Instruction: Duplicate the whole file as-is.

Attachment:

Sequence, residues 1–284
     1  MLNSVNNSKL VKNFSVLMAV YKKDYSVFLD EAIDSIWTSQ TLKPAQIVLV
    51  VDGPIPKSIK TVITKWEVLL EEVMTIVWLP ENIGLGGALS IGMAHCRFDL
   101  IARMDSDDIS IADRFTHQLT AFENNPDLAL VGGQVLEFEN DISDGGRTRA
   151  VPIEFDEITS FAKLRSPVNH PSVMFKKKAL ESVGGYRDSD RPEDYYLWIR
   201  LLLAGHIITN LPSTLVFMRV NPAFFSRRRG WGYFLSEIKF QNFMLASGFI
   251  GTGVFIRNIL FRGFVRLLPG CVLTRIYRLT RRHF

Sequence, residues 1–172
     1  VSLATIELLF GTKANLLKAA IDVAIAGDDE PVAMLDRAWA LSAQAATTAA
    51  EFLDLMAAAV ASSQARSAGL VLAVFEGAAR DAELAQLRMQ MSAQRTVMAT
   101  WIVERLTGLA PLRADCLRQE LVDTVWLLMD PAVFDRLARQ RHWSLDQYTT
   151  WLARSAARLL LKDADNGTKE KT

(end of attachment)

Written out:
Sequence, residues 1–284
     1  MLNSVNNSKL VKNFSVLMAV YKKDYSVFLD EAIDSIWTSQ TLKPAQIVLV
    51  VDGPIPKSIK TVITKWEVLL EEVMTIVWLP ENIGLGGALS IGMAHCRFDL
   101  IARMDSDDIS IADRFTHQLT AFENNPDLAL VGGQVLEFEN DISDGGRTRA
   151  VPIEFDEITS FAKLRSPVNH PSVMFKKKAL ESVGGYRDSD RPEDYYLWIR
   201  LLLAGHIITN LPSTLVFMRV NPAFFSRRRG WGYFLSEIKF QNFMLASGFI
   251  GTGVFIRNIL FRGFVRLLPG CVLTRIYRLT RRHF

Sequence, residues 1–172
     1  VSLATIELLF GTKANLLKAA IDVAIAGDDE PVAMLDRAWA LSAQAATTAA
    51  EFLDLMAAAV ASSQARSAGL VLAVFEGAAR DAELAQLRMQ MSAQRTVMAT
   101  WIVERLTGLA PLRADCLRQE LVDTVWLLMD PAVFDRLARQ RHWSLDQYTT
   151  WLARSAARLL LKDADNGTKE KT